The suit also maintains that the grow has hurt property values — plus, "the large quantity of drugs at marijuana grows makes them targets for theft, and a prospective buyer of the Reillys’ land would reasonably worry that the 6480 Pickney Road marijuana grow will increase crime in the area."
The lawsuit asks for these issues to be addressed via the RICO statute, and the U.S. Court of Appeals for the Tenth Circuit made that possible in a June 7 ruling, stating that "the landowners have plausibly alleged at least one...claim against each of those defendants."
NORML's Strekal sees this decision as highly problematic thanks to "the chilling effect that would be had on the industry should there be a successful RICO suit. It could scare away investors and entrepreneurs and those who have the audacity of trying to follow the American dream by providing consumers what they want, which is clearly legal marijuana. And this comes at a precarious time, when marijuana businesses don't even have access to banking or the ability to claim standard deductions."
Speaking of which: Number seven on Stimson's list is "Rescind the Financial Crimes Enforcement Network’s guidance for banks and oppose efforts to expand banking services to the marijuana industry." That presumably includes banking-reform legislation for the cannabis biz recently described to us by sponsoring representative Ed Perlmutter, who is running for governor of Colorado in 2018.
Also worrisome to Strekal is number five: "Rescind and replace the August 2013 memorandum from then-Deputy Attorney General James M. Cole — i.e. the 'Cole Memo.'" That document, issued in 2013, stated that the Department of Justice under President Barack Obama would not spend its limited resources seeking to prosecute marijuana businesses following the laws in states that have legalized cannabis.
"Attorney General [Jeff] Sessions, when pressed, has affirmed that the Cole memo is current department policy," Strekal notes, "and he's said there are valid points made in it. But he's never made a commitment to maintain its current interpretation, as it was under the Obama administration, as being a department priority going forward."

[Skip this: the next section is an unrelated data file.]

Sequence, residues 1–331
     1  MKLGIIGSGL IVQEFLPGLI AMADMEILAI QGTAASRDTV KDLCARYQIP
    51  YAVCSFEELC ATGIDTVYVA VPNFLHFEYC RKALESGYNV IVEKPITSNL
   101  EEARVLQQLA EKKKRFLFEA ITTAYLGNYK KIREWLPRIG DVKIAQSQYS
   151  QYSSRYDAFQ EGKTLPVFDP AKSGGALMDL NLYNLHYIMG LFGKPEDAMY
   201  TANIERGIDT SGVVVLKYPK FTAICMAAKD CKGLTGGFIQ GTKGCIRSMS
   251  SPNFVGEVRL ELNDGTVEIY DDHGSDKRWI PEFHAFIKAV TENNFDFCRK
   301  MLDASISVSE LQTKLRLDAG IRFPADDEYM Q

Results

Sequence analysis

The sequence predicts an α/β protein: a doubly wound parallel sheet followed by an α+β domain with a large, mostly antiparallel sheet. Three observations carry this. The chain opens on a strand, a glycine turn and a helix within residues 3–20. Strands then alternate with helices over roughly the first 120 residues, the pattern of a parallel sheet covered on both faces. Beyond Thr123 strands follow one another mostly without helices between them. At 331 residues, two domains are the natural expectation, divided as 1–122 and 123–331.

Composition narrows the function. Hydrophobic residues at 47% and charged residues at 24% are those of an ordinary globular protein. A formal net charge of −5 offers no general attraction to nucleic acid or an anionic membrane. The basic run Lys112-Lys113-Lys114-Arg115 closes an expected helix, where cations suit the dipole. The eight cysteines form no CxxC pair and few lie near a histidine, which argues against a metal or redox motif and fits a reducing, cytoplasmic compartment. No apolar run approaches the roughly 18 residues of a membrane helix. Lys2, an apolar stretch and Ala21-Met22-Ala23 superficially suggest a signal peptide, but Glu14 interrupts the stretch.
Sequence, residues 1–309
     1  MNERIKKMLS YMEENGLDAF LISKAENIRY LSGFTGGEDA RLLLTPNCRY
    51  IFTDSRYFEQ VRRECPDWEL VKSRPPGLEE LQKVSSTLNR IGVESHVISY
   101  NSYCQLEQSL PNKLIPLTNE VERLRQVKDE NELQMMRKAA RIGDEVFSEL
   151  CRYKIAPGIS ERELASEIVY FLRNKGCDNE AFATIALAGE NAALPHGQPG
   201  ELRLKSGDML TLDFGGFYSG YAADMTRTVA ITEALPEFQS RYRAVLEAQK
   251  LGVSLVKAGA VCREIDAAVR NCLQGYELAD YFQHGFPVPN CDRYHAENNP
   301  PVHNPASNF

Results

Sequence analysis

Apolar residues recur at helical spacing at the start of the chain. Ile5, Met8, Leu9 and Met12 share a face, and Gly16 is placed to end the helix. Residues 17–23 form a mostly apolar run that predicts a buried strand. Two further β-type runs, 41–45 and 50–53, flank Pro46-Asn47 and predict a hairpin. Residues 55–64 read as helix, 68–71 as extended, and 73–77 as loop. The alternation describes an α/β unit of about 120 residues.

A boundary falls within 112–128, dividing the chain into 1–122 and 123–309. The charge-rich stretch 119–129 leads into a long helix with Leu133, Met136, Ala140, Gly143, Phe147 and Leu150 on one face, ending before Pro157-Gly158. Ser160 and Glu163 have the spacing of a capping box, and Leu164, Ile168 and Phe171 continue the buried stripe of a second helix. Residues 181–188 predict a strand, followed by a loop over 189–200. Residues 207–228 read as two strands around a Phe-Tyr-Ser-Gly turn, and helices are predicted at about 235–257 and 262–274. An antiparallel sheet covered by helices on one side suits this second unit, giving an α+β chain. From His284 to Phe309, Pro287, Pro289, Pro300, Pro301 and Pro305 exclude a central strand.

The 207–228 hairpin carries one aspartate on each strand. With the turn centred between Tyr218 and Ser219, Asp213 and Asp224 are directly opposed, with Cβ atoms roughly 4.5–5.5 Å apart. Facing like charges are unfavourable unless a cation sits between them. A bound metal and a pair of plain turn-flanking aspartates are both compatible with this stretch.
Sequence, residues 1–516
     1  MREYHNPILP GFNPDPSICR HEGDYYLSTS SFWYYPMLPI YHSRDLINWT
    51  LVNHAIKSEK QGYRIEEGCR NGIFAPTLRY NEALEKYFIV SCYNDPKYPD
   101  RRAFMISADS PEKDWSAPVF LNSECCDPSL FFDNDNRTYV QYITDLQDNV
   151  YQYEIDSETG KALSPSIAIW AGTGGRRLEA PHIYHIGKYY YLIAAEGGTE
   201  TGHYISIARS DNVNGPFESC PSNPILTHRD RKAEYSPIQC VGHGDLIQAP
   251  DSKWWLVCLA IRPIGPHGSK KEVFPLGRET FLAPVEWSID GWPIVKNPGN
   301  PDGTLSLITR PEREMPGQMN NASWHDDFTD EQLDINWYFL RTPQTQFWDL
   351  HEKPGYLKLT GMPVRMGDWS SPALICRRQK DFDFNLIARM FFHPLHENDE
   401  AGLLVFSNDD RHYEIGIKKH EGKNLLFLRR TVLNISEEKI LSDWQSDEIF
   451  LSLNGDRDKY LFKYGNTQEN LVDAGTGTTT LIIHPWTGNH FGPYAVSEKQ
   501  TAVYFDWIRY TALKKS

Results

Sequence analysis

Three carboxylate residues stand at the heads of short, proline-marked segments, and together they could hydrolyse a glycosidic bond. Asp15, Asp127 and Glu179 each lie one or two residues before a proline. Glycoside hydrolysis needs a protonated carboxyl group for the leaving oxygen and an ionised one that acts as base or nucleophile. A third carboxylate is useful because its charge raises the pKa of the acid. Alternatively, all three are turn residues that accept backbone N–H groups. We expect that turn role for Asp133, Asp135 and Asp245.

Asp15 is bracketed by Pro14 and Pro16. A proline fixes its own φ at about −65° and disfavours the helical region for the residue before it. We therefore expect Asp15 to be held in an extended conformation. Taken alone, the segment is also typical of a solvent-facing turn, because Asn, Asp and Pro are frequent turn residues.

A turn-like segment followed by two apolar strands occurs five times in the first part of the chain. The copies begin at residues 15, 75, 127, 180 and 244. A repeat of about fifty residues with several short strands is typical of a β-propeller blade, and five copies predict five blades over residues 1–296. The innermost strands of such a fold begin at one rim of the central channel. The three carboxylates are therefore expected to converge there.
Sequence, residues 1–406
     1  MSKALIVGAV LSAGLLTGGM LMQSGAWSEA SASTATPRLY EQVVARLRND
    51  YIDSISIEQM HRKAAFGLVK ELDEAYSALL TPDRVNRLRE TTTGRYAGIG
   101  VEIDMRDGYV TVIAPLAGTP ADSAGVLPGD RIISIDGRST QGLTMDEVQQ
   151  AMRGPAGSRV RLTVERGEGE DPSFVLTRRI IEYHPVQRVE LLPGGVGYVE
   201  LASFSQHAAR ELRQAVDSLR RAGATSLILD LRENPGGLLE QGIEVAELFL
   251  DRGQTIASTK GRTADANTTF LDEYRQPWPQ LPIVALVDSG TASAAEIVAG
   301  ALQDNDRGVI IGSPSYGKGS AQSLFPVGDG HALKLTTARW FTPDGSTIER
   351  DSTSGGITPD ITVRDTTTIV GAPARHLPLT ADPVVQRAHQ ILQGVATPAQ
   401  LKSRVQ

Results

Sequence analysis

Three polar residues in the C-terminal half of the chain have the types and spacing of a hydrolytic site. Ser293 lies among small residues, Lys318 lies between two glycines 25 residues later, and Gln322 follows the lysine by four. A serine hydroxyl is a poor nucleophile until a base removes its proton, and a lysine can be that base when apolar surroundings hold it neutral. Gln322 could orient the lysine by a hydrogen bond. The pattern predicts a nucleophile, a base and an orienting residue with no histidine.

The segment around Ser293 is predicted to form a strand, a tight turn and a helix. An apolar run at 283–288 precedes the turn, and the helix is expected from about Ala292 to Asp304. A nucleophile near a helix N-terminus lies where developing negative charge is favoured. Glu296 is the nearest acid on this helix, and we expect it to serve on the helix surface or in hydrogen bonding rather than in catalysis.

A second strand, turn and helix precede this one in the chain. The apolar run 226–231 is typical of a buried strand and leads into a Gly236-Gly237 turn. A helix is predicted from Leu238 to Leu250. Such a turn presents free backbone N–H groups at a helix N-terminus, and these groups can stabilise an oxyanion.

Moreover, Strekal believes any new memo will be penned by Steve Cook, a hard-ass former prosecutor who appears to agree with Sessions (but a shrinking number of others) that the drug war is still worth fighting.
In advance of the report's release, Strekal says, NORML "is doing everything we can to raise awareness both publicly and privately — to build up the public pressure to get this administration to stand down before they begin a crackdown."
Continue to see the Heritage Foundation list of ways the Trump administration can shut down legal marijuana.
How Trump’s DOJ Can Start Enforcing Federal Marijuana Law
By Cully Stimson
1. Reaffirm support for the law. Issue a statement affirming the incoming administration’s commitment to the Controlled Substances Act with the goal of reducing, not expanding, the use of marijuana in the nation.
2. Coordinate with lower-level officials. Have the new attorney general prioritize reaching out to governors and key law enforcement officials in states that have legalized marijuana to work with them on enforcement of federal marijuana laws.
3. Reassert America’s drug position on the world stage. The White House should make clear that the United States continues to support the three international drug conventions, and that it intends to change its domestic policy to reflect that support.